In the last few years, North America has seen tremendous improvement and advances in applications of timber in the built environment changing the way we design and fabricate. An engineering perspective on the complex geometries achievable with timber products will be explored by highlighting Canadian examples of public landmarks such as the Wayne Gretzky Sports Centre, the Art Gallery of Ontario, the Waterfront Wavedecks and the new Lansdowne Stadium in Ottawa. New products like cross-laminated timber (CLT) and composite concrete-wood systems as well as the growth in the mid-rise market are creating even more opportunities to advance design in urban environments.
David Moses leads a structural engineering firm that champions innovative and collaborative design. With over 20 years of experience, he has been involved in hundreds of projects in Canada and the United States, including the Art Gallery of Ontario renovation. In 2011, he received the Forest Products Society’s “2011 Wood Engineering Award” and, in 2009 and 2013, the WoodWorks! Ontario “Wood Advocate – Engineer” award. His firm designs buildings to LEED and Passive House standards and designs using new types of materials such as ultra-high performance concrete and cross-laminated timber. Through teaching, research, publications, awards and speaking events, David is actively involved in the industry. He is vice-chair of SPE900 “Best Practices for Solar Photovoltaic Rooftop Installations,” and sits on CSA code committees in the Forest Products Sector.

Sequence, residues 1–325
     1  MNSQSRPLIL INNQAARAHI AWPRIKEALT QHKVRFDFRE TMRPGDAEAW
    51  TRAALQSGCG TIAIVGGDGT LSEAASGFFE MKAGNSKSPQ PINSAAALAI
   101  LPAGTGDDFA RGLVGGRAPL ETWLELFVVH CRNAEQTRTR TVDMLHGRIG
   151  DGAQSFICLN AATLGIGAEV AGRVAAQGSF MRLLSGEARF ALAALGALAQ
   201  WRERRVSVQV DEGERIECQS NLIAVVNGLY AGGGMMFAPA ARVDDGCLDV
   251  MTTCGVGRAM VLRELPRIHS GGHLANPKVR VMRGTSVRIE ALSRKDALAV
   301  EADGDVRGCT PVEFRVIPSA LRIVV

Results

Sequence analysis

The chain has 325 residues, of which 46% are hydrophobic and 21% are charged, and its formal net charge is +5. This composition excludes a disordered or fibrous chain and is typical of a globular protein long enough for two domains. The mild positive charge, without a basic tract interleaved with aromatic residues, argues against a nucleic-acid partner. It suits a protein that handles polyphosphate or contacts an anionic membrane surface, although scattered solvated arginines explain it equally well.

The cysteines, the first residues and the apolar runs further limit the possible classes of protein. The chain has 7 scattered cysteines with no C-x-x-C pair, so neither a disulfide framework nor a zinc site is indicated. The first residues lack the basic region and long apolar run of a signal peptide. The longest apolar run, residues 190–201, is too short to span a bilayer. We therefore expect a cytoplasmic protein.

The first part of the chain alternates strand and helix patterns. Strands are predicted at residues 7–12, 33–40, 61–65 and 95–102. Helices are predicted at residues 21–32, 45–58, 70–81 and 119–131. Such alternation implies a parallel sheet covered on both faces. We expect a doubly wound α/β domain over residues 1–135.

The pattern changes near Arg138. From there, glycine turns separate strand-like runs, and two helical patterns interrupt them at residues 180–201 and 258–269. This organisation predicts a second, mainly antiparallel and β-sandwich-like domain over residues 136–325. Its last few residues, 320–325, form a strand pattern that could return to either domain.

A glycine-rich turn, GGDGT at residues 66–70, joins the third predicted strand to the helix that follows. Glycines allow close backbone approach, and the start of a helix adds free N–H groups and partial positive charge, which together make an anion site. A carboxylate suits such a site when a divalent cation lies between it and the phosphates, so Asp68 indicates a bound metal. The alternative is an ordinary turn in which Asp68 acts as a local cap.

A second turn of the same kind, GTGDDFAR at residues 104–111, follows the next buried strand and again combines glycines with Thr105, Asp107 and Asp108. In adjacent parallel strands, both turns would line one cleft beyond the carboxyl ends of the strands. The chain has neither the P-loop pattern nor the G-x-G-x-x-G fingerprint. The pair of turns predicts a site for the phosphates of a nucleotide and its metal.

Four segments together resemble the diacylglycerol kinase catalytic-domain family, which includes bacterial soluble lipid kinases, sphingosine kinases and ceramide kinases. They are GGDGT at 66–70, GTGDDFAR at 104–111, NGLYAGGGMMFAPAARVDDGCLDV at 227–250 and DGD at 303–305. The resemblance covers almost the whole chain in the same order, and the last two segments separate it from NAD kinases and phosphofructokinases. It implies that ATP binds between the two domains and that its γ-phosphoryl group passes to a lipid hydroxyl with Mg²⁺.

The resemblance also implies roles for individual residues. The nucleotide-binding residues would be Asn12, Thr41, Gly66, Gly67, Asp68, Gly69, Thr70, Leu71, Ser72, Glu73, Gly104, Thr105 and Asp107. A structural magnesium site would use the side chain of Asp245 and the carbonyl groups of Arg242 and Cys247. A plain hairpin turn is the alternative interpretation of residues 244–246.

The First Cross Laminated Timber School in the US: A Builders Perspective
Charles Judd, Blue Heron Timber Works